Use the following key for the events below:
Black – every time page is processed
Red – only if the request is transacted
Green – only on postback
Blue – only if tracing is enabled
Begin Transaction (only when transactions are enabled for the page) Begin Transaction ProcessRequestTransacted()
Process Request Main
Transactions.InvokeTransacted — parts of the request that need to be done under transacted context Process Request Main (every page, this is the main execution path) Init InitRecursive()
Raise OnInit (recursive)
Begin tracking viewstate LoadViewState LoadPageViewState()
LoadPageStateFromPersistenceMedium() ProcessPostData1 ProcessPostData(_requestValueCollection, true /* BeforeLoad */);
Hand postback data to the controls that exist before Page_Load
Page.Validate() Load LoadRecursive();
Fire OnLoad() (recursive) ProcessPostData2 ProcessPostData(_leftoverPostData, false /* BeforeLoad */);
Hand postback data to controls added in Load (using LoadControl, for example) Raise ChangedEvents RaiseChangedEvents()
RaisePostDataChangedEvent() on each control with postback data that is not an IPostBackEventHandler Raise PostBackEvent RaisePostBackEvent(_requestValueCollection)
RaisePostBackEvent() on the control that caused the postback PreRender PreRenderRecursive()
EnsureChildControls() — creates controls if they haven’t already been created by databinding
Fire OnPreRender (recursive) Build Trace Tree BuildProfileTree("ROOT", EnableViewState) SaveViewState SavePageViewState()
Save state recursively for the page and it’s controls Render RenderControl(CreateHtmlTextWriter(Response.Output))
Render() (recursive) Finish Transaction (only when transactions are enabled for the page) End Transaction Fire OnAbortTransaction() or OnCommitTransaction() End Trace (only when Tracing is enabled) Trace.EndRequest if PageOutput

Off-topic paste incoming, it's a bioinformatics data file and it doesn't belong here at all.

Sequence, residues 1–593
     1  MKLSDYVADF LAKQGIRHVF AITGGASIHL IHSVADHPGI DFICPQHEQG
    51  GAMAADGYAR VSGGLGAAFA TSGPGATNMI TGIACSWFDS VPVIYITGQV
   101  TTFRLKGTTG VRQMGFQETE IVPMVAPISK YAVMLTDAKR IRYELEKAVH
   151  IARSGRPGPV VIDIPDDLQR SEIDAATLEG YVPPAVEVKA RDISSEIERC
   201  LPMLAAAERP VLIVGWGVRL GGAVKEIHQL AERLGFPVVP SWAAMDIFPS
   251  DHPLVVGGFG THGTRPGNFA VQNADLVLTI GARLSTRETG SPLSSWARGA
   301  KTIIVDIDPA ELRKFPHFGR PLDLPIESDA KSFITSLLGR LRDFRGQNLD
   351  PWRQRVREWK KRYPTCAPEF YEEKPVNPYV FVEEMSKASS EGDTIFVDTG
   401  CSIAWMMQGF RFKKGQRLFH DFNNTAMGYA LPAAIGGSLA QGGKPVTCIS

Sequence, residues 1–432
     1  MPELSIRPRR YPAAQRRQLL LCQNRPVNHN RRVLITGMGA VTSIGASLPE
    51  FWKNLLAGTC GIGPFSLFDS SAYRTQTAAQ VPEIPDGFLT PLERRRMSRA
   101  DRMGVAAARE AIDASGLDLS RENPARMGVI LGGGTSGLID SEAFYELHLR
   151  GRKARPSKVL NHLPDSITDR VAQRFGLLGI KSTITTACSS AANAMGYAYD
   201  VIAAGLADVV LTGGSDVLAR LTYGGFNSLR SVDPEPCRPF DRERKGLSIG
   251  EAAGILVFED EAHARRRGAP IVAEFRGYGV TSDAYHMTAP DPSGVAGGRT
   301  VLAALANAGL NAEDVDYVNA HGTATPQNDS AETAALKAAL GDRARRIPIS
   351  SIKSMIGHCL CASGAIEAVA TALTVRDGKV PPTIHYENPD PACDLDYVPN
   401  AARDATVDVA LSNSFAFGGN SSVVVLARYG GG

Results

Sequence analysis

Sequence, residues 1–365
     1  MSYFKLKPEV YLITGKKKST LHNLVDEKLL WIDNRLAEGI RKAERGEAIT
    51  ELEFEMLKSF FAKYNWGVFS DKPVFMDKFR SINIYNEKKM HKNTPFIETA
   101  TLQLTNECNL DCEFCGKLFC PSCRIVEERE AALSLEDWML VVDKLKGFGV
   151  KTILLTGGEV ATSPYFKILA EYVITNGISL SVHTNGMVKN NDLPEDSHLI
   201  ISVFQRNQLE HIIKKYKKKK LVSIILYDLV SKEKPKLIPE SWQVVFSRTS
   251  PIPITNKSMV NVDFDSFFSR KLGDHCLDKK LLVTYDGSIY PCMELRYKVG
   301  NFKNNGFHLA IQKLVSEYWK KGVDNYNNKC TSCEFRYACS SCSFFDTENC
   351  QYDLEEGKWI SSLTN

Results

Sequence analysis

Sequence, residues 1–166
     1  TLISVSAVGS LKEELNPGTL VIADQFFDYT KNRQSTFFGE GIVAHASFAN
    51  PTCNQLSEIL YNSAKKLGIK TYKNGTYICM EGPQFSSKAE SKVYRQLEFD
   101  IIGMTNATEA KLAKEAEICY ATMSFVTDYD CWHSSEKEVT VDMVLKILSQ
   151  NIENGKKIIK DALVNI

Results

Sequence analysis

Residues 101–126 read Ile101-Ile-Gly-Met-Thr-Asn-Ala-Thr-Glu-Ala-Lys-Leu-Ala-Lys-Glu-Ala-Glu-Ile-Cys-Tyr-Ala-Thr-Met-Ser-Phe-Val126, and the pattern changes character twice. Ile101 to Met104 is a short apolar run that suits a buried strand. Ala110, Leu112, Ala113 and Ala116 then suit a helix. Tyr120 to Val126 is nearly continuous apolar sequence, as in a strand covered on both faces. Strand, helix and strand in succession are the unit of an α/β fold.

Trace.Render Process Request Cleanup (every request)
* Set Request and Response to null UnloadRecursive UnloadRecursive()
Fire OnUnload() (recursive)
First, Page Init executes (I’m going to leave out the transaction-related events – you do create a DAL for your data access code, don’t you 😉 ). One good use for this event is for wiring up event handlers. Just be aware that viewstate has not yet loaded.
The next method we’ll talk about is the familiar Page Load event. It is in this event that most of our code that we want to run when the page loads will be placed. At this point ViewState is available and all controls that have been declared on the page have been handed the postback data. Note that if you have controls or user controls on the page, their individual Page_Load events will fire after the page’s Page_Load event, in the order they were added to the control tree. The same is true for other controls events.
The PreRender event fires after the Page_Load events and after any controls events, such as a Button Click event. This is useful for manipulating anything you want, just before the page is rendered. One use is to store member variables in ViewState here to create a “Stateful” web page. To read the ViewState, we would re-hydrate the member variables in the Page Load event. Handling ViewState in this way, keeps the code in one place and creates a consistent state handling mechanism.
Finally, the page is rendered. We can override the Render event in controls to change the behavior of the control (useful for example when creating derived controls that extend the functionality of existing ASP Web Controls).
To give you an example of the execution sequence, here is the sequence from a page with one button and one user control that contains one button. The example shows the execution list after the user has clicked the button on the user control:
Hope this is helpful. I’ll address this in ASP.Net 2.0 in the near future.